Roses are red,
Violets are blue,
I’m enjoying my summer vacation,
And I hope you are, too!
– As a reward for killing Zimri and the non-Jewish woman in the previous parsha, Pinchas is given the blessing of peace, as well as the privilege of becoming a kohen (priest).
-Hashem tells Moshe to count every man between the ages of 20 and 60, because they will be the ones getting land in Israel. Hashem also tells Moshe how the land should be divided among the tribes. The tribe of Levi does not receive specific land. They serve Hashem in the Beit Hamikdash.
-A man named Tzelofchad, from the tribe of Menashe, has five daughters: Machlah, Noah, Chaglah, Milkah and Tirtzah. Tzelofchad passes away, and his daughters ask Moshe a question: Their father passed away with no sons, and according to the law they would not be entitled to land in Israel. They asked Moshe if they could have their father’s land. Moshe asks Hashem, who allows it, and adds a law that if a man dies with no sons, his daughters receive his land.
– Hashem tells Moshe to go on Mount Avarim, that overlooks Israel, before passing away. Then, Moshe puts his hand on Yehoshua, son of Nun, to show that he will take Moshe’s place.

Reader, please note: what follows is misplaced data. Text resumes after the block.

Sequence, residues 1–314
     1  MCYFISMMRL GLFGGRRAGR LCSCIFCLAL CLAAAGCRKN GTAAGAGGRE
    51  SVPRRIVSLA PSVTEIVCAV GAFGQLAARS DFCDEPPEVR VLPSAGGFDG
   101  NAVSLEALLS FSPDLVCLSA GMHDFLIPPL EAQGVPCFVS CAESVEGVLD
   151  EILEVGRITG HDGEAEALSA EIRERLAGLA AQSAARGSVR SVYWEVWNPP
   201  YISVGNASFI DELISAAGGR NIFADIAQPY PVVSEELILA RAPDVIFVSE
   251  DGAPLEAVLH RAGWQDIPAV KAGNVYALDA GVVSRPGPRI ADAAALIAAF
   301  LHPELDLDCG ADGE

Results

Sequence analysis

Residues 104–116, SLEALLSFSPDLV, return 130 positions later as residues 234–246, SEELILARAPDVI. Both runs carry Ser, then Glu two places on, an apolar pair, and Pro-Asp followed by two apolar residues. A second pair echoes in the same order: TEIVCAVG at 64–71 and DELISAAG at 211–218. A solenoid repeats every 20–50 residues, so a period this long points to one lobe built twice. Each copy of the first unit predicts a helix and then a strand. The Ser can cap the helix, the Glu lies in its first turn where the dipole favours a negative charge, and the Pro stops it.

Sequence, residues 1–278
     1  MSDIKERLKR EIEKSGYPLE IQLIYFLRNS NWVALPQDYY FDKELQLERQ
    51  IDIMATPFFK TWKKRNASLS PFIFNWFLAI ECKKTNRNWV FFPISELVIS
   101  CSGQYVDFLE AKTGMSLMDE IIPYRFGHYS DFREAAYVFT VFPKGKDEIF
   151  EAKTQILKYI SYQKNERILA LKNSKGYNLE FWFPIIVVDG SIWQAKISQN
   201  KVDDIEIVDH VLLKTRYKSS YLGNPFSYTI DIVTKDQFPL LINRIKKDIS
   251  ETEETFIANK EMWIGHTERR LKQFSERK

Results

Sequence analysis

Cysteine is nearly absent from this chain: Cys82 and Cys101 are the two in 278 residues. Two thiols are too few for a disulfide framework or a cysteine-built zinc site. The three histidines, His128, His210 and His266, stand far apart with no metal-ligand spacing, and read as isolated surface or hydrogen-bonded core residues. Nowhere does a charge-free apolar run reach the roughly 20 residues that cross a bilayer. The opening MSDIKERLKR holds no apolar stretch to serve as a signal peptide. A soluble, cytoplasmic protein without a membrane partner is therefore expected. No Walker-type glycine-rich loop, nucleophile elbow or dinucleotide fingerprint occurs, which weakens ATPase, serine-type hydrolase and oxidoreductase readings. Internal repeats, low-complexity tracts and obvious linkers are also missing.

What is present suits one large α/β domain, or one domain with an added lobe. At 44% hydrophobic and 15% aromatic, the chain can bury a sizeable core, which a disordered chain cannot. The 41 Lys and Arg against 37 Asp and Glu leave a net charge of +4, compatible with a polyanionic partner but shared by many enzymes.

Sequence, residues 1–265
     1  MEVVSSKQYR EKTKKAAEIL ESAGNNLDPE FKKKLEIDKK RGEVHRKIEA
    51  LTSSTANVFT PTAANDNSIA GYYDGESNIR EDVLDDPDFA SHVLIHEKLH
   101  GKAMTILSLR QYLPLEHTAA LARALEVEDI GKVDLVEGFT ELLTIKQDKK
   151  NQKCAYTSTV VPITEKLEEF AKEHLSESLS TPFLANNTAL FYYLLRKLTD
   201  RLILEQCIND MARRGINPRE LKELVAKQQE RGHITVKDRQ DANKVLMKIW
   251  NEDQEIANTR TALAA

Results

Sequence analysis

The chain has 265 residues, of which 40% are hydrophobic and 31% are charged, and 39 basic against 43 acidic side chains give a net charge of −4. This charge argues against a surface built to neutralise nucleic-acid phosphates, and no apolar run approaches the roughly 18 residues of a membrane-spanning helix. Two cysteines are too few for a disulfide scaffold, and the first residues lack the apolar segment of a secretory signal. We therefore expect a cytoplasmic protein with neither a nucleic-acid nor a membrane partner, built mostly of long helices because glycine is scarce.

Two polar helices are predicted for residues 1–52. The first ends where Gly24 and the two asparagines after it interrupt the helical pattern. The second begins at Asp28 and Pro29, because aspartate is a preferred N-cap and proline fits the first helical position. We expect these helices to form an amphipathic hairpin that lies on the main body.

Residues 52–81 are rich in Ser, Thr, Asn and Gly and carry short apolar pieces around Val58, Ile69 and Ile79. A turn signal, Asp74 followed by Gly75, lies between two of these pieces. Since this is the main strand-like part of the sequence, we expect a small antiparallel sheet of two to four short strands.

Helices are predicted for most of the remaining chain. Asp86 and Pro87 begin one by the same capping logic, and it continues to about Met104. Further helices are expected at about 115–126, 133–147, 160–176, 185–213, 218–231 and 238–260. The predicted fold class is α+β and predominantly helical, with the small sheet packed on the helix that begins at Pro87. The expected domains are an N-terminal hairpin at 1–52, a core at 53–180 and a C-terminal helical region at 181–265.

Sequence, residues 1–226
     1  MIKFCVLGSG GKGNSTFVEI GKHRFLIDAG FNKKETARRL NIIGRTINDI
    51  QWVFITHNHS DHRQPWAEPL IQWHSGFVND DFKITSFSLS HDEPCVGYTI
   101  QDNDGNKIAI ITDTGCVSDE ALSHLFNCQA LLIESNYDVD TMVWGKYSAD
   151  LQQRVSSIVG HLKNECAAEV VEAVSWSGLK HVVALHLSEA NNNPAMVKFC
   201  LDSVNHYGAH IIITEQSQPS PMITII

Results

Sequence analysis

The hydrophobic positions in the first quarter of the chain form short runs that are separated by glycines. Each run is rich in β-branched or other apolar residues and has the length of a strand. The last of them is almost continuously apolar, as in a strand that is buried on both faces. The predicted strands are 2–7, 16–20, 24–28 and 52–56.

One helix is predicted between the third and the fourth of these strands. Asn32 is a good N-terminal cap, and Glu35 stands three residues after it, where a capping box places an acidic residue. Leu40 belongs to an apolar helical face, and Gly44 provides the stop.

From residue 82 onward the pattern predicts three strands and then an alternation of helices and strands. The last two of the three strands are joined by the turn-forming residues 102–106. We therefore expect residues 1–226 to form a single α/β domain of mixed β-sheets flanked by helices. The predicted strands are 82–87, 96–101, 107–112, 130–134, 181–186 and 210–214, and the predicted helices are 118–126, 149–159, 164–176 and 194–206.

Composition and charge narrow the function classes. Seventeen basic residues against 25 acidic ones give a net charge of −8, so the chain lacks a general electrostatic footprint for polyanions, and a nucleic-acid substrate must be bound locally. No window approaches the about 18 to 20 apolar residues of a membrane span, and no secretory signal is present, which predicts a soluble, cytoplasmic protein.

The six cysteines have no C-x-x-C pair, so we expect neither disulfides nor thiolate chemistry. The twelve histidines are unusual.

-The parsha ends listing the daily offerings and the extra offerings that were brought on different Jewish holidays, Shabbos, and Rosh Chodesh.
How can Hashem bless Pinchas with peace if he just killed a man?
The Midrash tells a story to explain this: A king was traveling with his soldiers when he saw a group of men. One man insulted the king, and the king wanted to kill them all. But then, a man of the group killed the man who had insulted the king. When the king saw that there was a good man in the group, he decided to let them all live. Hashem was upset at the Jews for their sinning and that no one tried to repent. When Pinchas killed Zimri to sanctify the name of Hashem, then like the king, Hashem turned his anger into praise for Pinchas.